Up until the 1990s if you wanted see breeding Red Kites in Britain, you headed for Tregaron (remarkably the population that hung on there was – genetic studies have discovered – descended from a single female). Very gradually the Welsh birds began to increase and spread, but conservation bodies realised that without help the species might never start breeding in England or Scotland again.

Red Kites have now also been brought from Sweden and Germany to North and Central Scotland, and breeding populations have been successfully established. Red Kites were translocated from the burgeoning Chilterns population to Dumfries & Galloway, where breeding is now regular.


Red Kites have rebounded so spectacularly that feeding centres at, for example, Gigrin Farm where kites are fed every day at 3pm, attract hundreds providing a natural spectacle that would have been unthinkable just a few decades ago.

Red Kite flying in the wild in Central Scotland.

In fact, so successful has breeding been in the UK now (the BTO puts the population at over 4000 pairs and they are still expanding into unoccupied areas), that young Red Kites have now been sent to Spain, where the birds that kickstarted the UK’s reintroduction efforts originated. In mid-2022, fifteen young Red Kites were flown to Madrid to be released in Extremadura and Andalusia.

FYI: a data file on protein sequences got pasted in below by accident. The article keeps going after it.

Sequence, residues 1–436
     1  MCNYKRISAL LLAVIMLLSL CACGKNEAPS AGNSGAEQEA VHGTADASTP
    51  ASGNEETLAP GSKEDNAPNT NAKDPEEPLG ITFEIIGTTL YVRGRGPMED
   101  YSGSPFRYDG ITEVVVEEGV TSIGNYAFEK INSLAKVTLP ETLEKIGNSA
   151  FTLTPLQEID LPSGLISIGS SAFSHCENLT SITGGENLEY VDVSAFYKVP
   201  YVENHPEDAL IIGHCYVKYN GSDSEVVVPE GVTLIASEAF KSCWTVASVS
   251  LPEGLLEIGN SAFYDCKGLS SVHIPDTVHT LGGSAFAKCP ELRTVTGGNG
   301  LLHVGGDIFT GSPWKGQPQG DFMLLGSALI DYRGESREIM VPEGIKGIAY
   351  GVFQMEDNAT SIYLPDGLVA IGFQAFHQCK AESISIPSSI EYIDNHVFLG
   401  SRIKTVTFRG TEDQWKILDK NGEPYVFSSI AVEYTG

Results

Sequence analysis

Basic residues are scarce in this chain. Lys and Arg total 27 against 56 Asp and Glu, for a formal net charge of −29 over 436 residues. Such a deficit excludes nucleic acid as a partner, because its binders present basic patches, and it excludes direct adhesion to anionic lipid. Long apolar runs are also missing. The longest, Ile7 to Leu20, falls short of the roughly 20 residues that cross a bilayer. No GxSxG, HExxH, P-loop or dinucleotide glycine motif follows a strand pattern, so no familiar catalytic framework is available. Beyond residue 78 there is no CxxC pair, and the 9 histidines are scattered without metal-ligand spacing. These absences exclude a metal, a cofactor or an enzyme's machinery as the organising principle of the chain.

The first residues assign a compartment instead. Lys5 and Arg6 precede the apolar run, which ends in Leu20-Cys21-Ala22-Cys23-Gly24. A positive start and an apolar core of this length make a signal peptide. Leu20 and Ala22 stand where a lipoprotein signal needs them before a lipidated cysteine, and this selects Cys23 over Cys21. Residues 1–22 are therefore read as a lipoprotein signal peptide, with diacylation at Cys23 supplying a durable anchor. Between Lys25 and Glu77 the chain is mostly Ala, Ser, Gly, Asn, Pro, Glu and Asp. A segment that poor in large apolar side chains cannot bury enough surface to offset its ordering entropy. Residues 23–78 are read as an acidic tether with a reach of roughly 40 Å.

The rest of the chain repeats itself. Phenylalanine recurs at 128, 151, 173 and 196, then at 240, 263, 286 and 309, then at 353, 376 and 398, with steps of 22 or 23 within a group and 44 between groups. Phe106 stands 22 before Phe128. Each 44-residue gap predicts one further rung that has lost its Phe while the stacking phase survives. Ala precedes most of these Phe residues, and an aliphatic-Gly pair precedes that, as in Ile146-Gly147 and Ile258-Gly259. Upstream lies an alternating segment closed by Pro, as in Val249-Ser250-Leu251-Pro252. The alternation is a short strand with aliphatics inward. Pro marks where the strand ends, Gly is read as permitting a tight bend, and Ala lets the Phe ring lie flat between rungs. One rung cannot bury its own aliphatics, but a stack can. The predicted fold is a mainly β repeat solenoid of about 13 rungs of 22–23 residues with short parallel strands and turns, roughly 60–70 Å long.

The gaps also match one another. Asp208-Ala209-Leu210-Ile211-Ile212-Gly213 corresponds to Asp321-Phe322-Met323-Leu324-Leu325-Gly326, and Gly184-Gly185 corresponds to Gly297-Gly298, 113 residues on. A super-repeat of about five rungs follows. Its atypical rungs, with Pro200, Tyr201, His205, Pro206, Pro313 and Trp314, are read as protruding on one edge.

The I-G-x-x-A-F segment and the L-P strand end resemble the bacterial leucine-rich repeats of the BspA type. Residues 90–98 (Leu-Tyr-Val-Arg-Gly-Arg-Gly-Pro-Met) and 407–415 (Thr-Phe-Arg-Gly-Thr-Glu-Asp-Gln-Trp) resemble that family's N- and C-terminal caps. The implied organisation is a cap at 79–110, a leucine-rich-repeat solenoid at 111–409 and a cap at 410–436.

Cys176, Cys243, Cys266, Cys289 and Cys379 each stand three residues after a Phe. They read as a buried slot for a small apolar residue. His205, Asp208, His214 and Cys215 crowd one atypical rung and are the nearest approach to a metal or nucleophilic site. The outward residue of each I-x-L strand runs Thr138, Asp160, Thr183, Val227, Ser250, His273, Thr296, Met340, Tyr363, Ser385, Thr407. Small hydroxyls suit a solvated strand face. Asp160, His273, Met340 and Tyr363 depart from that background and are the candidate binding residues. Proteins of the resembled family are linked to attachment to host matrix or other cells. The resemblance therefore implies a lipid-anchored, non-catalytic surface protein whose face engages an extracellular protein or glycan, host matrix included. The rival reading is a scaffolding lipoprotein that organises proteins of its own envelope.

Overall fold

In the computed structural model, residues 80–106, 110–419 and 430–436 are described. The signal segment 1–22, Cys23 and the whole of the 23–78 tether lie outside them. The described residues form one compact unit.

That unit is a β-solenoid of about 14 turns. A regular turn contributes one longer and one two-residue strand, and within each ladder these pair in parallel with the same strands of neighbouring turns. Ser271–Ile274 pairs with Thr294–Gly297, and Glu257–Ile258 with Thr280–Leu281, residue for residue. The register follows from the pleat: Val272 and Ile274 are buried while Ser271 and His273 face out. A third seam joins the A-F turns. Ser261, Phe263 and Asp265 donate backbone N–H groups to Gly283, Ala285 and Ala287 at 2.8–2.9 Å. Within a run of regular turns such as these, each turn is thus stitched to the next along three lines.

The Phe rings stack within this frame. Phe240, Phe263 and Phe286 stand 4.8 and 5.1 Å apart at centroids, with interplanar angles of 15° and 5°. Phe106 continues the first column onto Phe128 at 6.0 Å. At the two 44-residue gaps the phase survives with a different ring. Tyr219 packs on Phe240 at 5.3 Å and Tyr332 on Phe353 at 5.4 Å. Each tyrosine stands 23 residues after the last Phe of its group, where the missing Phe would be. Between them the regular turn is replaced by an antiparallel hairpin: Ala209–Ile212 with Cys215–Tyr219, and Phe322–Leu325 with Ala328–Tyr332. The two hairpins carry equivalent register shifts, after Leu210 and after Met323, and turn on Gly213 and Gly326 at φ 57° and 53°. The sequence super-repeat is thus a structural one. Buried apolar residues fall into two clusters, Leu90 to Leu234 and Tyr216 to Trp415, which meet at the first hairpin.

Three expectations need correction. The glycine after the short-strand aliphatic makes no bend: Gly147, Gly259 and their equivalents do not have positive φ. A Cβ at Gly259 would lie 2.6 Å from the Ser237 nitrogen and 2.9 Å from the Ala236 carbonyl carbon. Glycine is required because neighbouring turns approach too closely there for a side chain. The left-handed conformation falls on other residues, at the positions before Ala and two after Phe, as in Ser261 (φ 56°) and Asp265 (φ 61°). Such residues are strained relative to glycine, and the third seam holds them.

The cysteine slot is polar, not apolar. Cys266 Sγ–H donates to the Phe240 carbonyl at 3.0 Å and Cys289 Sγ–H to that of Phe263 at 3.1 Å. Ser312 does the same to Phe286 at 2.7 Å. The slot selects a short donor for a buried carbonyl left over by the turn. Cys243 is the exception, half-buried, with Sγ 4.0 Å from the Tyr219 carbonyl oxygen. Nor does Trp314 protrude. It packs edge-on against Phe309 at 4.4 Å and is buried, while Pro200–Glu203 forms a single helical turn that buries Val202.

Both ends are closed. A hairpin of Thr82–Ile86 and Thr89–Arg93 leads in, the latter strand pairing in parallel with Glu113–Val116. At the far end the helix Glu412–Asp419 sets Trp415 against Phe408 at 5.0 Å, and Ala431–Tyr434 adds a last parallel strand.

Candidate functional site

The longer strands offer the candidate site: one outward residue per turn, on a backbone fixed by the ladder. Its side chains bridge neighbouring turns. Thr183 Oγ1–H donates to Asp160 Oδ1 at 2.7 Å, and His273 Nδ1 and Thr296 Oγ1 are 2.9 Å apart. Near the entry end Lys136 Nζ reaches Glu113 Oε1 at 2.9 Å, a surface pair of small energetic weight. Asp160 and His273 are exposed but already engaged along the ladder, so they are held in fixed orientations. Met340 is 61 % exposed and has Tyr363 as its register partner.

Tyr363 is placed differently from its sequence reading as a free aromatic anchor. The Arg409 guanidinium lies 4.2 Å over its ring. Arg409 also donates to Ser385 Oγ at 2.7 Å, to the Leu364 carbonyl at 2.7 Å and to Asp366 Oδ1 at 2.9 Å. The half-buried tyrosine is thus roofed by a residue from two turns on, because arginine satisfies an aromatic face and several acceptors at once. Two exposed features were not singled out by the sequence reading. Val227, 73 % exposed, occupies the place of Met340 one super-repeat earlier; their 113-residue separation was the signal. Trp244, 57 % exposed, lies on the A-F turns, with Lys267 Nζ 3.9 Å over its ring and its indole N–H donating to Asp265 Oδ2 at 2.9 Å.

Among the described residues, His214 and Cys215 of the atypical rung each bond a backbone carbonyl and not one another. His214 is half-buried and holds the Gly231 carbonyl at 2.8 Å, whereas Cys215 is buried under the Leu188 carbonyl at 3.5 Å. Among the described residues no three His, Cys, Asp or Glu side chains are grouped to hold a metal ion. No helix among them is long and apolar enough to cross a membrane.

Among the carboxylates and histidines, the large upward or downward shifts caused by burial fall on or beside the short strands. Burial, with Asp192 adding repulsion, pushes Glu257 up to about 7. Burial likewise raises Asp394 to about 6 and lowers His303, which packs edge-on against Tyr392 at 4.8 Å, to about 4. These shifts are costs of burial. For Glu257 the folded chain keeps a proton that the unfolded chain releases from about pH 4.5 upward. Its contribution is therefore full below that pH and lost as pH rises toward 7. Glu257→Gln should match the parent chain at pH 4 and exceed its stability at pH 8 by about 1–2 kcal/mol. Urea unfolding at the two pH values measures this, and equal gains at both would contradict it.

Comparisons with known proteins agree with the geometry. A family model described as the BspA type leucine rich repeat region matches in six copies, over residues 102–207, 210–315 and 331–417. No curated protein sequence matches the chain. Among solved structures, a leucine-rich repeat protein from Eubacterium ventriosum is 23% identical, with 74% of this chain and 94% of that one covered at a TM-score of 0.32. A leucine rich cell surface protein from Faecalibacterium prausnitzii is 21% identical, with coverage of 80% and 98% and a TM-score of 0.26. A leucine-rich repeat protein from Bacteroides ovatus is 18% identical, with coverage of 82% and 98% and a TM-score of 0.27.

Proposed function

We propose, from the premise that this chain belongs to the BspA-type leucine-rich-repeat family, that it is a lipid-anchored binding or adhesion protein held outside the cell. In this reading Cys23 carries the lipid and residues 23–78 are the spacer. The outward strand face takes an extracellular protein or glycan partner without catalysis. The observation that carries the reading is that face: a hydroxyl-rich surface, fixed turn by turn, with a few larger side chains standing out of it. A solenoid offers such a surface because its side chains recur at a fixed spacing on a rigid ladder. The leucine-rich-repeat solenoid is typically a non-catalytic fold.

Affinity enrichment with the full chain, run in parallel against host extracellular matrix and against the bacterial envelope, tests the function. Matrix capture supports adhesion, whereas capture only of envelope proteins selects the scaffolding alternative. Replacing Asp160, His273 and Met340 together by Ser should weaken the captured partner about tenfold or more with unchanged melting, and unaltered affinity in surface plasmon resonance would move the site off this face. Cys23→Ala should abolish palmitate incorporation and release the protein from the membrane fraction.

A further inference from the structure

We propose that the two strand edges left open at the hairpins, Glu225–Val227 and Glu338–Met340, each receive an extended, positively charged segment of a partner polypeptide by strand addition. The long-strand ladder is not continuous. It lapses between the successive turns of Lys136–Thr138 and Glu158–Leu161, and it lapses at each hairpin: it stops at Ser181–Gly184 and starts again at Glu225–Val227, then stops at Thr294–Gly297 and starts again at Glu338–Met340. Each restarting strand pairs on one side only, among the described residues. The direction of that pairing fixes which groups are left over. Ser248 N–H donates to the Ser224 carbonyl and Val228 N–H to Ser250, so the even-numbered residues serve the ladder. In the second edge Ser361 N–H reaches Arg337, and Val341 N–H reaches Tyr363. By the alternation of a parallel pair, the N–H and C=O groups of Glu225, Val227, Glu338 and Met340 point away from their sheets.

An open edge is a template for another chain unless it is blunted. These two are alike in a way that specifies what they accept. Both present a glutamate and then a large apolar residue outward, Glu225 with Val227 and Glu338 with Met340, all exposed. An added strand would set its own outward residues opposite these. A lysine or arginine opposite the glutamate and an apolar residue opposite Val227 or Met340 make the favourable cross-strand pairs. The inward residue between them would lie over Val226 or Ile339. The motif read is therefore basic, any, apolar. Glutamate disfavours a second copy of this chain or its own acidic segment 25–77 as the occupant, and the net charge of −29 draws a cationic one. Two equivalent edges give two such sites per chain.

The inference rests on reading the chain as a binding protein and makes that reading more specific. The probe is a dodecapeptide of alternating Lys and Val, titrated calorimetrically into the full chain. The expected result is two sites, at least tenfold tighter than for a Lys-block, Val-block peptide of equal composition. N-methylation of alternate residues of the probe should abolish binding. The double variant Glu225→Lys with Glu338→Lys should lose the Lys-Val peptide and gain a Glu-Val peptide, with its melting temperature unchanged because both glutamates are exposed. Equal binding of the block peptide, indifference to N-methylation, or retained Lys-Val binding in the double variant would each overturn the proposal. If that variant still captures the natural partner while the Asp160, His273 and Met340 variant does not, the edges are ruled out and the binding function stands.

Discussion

So is everyone happy to see this beautiful bird back in our skies? Of course not. While some shooting estates have finally admitted that Red Kites are not ‘vermin’, others have started the wearisome and inaccurate ‘too many Red Kites’ narrative that conservationists and raptor workers are all too familiar with.

The RSPB (normally fairly cautious when it comes to outright accusations) says that poisoning is still a major problem in northern Scotland, limiting the expansion of Red Kites there. A 2010 study found that 40% of the 103 Red Kites found dead between 1989 and 2006 were killed through poisoning. In a number of cases, radio tags attached to kites for research purposes were deliberately removed. In 2014, twelve Red Kites and five buzzards were all found poisoned within a two-square-mile area on the Black Isle, north of Inverness, at the core of the kites breeding area. Police dropped their investigation three years later and no-one has ever been charged.